Photos provided by Sharon Luther
Even the most casual visitor to Topsail Beach or Surf City knew The Belle.
At 55-feet, crisp red and white, and the perfect decks to dolphin watch from, the Belle of Topsail was a replica of an 1880’s riverboat. She was a friendly sight on North Carolina’s Intracoastal Waterway. For years, guests would eagerly hop aboard Topsail’s #1 attraction.
Even after tourist season the Belle of Topsail was a common sight on the water. At Topsail’s annual and unofficial flotilla, she was the crowd favorite. She offered a cruise for every occasion and everyone aboard became family. Hurricane Florence forced her into an unplanned retirement along with her owners, Captain David and Sharon Luther.
Here’s a video by Russell Williams (#Wilbur), captured in last Topsail Flotilla that The Belle participated in:
History of The Belle of Topsail
The Belle of Topsail experienced many reincarnations. She was built in 1950 and dubbed the Vagabond. Her social status jumped by leaps and bounds from there.
From a Vagabond to royalty as the Snohomish River Queen Chantilly in Washington State, she also lived as the Benton Belle in Montana and as the Belle of Grand Rivers in Kentucky.
In North Carolina she became the Belle of Topsail and had remained such for the last 12 years. Under the care of Sharon and Captain David she cruised the Intracoastal Waterway as a floating venue for weddings, dining, pirate watches, and so much more.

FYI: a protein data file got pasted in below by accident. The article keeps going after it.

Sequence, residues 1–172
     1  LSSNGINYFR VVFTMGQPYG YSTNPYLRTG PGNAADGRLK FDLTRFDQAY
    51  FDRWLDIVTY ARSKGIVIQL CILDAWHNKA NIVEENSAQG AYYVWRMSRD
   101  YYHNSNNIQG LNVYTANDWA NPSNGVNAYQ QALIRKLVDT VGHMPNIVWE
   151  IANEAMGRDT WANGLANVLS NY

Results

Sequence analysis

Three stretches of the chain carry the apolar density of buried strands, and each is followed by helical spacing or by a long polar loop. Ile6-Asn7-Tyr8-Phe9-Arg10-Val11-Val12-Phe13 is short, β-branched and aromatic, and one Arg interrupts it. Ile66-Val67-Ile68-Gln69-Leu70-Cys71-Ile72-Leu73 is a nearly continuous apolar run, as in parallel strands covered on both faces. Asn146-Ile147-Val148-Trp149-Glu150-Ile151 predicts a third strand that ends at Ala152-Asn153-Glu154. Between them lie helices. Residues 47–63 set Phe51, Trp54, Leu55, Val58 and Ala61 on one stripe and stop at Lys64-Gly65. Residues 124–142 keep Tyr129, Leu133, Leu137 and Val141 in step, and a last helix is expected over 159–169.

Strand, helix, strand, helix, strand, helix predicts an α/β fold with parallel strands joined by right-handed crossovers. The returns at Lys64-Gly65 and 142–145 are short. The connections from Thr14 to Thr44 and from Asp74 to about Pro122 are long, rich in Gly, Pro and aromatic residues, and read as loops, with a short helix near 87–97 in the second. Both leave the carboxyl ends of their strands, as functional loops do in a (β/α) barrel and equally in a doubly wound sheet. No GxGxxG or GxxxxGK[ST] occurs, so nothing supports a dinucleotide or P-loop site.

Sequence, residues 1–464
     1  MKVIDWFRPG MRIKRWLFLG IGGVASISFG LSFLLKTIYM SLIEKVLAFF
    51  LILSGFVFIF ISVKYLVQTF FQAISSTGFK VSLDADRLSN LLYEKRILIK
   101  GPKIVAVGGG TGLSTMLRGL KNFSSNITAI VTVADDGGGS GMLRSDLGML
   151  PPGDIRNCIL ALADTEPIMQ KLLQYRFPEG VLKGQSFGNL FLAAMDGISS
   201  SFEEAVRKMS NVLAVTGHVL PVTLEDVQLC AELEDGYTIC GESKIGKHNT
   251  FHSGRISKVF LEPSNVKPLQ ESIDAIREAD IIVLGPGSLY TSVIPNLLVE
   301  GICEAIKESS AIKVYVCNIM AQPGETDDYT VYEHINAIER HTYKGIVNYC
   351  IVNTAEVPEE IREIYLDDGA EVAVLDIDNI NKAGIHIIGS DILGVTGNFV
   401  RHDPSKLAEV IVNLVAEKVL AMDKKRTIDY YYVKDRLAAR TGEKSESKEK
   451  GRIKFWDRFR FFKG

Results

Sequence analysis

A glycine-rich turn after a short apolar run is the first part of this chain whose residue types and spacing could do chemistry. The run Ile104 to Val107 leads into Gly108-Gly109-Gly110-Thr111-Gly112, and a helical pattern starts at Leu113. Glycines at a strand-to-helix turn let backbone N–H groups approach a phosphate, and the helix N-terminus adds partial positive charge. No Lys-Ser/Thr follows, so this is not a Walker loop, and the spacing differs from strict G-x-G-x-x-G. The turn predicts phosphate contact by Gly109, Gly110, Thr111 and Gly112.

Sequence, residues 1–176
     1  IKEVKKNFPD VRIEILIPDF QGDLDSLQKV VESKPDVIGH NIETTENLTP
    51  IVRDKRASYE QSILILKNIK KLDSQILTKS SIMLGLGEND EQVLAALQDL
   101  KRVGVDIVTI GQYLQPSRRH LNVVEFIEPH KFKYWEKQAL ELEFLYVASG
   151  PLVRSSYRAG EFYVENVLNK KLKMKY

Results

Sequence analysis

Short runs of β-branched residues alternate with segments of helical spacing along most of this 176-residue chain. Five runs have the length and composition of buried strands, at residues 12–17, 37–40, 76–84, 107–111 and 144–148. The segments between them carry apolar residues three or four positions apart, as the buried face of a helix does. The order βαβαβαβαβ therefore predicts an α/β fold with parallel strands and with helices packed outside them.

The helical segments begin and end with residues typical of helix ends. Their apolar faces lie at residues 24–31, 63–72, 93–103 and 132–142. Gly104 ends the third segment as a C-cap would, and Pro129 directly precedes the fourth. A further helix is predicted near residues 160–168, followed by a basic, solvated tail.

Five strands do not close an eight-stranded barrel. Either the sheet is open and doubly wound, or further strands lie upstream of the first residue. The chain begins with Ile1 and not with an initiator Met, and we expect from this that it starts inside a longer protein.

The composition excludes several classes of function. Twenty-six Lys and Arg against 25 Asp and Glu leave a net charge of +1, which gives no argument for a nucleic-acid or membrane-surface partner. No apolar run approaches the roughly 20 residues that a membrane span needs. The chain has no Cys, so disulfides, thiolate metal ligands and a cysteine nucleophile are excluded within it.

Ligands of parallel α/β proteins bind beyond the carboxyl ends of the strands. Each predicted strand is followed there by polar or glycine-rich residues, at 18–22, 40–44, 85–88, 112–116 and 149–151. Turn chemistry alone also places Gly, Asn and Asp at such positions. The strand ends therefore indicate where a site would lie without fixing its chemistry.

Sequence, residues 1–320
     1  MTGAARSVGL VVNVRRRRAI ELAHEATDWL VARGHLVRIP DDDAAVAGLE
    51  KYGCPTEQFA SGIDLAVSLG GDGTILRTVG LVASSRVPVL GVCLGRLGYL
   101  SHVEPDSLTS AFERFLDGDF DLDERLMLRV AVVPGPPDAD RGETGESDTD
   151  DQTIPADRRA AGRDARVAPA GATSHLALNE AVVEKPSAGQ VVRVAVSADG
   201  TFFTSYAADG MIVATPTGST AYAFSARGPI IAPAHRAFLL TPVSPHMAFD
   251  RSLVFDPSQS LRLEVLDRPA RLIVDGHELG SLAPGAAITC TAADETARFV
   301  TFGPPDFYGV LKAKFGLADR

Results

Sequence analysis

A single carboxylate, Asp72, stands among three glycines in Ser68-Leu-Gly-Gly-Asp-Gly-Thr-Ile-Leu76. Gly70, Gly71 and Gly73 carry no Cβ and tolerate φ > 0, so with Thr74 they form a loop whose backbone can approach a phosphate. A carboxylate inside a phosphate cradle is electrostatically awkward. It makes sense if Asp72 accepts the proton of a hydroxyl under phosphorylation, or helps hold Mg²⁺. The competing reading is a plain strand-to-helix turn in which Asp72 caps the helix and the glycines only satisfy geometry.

At once the Belle’s best friend and worst enemy, the ocean proved unforgiving this year. Under the ravages of Hurricane Florence, the Belle of Topsail sunk along with the Luther’s houseboat and everything else they owned.
It is fitting that on Veteran’s Day the Belle of Topsail’s service would come to an end and she’d find her duty elsewhere. Although the Belle has sunk, the vessel will soon find new life out on the water. As the new owner, Dave Gardner of the Vonda Kay and the Queen Jean has plans to fix her as a dredging vessel. In this new life she will be named after Gardner’s grandfather, WG Nicholson, who served on a Grayback submarine. Nicholson died in WWII on February 27, 1944 when his submarine was sunk by a Japanese bomber.
While much of the region has returned to business as usual, the sinking of the Belle and hardships being born by the Luthers are evidence of how far reaching and long lasting the impacts of a hurricane can be.
Although the roads have been repaired and the sound of chainsaws no longer punctuate every hour, the future has been irreparably changed. The familiarity of the red and white boat carrying laughter over the waterway is now resigned to a precious memory.
Visit The Belle of Topsail on Facebook to see more photos and memories.